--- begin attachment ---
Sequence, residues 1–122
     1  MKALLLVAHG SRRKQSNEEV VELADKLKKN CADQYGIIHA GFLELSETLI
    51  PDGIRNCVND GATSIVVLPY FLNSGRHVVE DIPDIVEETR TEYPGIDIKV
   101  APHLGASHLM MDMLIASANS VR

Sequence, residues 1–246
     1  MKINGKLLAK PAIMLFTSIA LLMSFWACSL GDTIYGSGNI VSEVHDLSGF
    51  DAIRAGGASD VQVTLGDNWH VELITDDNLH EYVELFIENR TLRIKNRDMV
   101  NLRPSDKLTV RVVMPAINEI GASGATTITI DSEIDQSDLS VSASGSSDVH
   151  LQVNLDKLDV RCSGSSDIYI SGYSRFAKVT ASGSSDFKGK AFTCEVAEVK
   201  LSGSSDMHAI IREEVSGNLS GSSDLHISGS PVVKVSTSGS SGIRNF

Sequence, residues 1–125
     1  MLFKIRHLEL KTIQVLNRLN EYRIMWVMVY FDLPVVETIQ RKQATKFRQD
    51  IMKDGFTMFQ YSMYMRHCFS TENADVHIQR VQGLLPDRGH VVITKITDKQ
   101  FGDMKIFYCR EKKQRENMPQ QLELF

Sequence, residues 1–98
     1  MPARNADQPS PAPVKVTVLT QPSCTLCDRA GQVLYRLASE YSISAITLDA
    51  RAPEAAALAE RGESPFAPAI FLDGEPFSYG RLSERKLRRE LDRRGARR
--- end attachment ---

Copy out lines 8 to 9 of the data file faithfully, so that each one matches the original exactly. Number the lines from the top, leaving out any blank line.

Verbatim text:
   101  NLRPSDKLTV RVVMPAINEI GASGATTITI DSEIDQSDLS VSASGSSDVH
   151  LQVNLDKLDV RCSGSSDIYI SGYSRFAKVT ASGSSDFKGK AFTCEVAEVK